Jhenovia recounted her recent history and journey for Lopez, discussing how her commitment to her daughters led to her decision to flee a dangerous home environment. As they spoke, Lopez began carefully planning an effective strategy for Jhenovia’s recovery and reintroduction to a safe, stable and normal life.

“She had done her research and learned about BCFS-Del Rio,” recalls Lopez. “She made it clear she was ready for a change. We filed a protective order, contacted law enforcement in Georgia and obtained all the incident reports.”

“I was impressed with her demeanor and calm voice,” Lopez says. “After all the abuse, here she was standing tall and proud. Then it dawned on me that she was a warrior. The fact that she had served our country made her strong. She was eager to learn and not take any handouts. She values hard work and discipline, and I admire that about her, too.”

Through its Special Non-Residential Program, BCFS-Del Rio’s Domestic Violence Program helped Jhenovia find an apartment and provide her a few items to start a new home. She began her job hunt, and as the start of the school year approached, she coordinated the arrival of her oldest daughter, who would begin sixth grade in a new school. Jhenovia learned about additional community resources that helped empower her and her daughters, and she attended support groups and counseling sessions to help process the events of her recent past to recover from the abuse she suffered at the hands of her former spouse.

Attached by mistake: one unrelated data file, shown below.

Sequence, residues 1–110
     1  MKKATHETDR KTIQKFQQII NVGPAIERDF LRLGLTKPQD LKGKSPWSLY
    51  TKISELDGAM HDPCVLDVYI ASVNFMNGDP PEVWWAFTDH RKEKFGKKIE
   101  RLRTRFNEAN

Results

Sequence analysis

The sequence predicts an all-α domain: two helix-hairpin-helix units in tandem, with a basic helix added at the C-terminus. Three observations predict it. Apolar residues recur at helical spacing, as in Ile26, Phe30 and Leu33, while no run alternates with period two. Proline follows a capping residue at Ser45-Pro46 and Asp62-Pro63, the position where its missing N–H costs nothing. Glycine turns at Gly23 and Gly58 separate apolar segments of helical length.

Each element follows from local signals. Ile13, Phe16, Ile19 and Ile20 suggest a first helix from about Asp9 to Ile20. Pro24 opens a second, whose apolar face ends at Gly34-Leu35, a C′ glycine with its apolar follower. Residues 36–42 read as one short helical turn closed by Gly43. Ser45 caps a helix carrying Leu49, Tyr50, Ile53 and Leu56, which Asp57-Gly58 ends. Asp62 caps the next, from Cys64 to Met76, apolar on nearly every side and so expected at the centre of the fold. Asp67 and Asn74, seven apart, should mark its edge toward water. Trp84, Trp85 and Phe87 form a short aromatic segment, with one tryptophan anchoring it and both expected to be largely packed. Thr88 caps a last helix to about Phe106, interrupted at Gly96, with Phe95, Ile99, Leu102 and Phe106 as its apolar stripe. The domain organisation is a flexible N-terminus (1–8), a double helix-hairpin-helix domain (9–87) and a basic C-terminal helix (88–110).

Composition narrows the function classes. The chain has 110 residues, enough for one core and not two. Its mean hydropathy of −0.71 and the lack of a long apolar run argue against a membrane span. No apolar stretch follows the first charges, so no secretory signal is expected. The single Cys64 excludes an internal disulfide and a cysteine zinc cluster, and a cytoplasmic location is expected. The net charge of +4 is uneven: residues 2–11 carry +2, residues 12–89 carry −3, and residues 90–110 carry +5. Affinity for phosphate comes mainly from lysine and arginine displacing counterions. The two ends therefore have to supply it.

Through sheer determination, in just under 60 days in new surroundings, Jhenovia reclaimed her independence, fully aware that the scars of abuse, although in check, remain in her memory. She is gainfully employed and caring for her children. As a testament to her resiliency, unconditional love for her daughters, and strong self-image, Jhenovia is living a life free of the insecurity and uncertainty of domestic abuse.

“I knew she didn’t want to ask for help because she wanted to work and get things done with her own hard-earned money,” says Lopez. “Everyone, at some point, needs help. Thankfully, BCFS was there to offer a few important resources, a little hope, and a shot at a new beginning.”

Self-Defense Workshop

Self-Defense Workshop Teaches Del Rio Girls How to Handle a Physical Altercation
Annual workshop hosted by BCFS Health and Human Services-Del Rio

Thirty-two middle and high school girls learned the basics of self-defense at an annual workshop hosted by BCFS Health and Human Services-Del Rio. The workshop was held in observance of February as National Teen Dating Violence Awareness Month.

Photo: Assistant Demonstrates Self Defense Techniqus

Along with instruction in taijutsu martial arts, the young ladies learned how to avoid a dangerous situation, good decision-making skills when in trouble, and how to react in a life-threatening situation. Attendance at the workshop, which was open to girls ages 12-18, doubled from last year.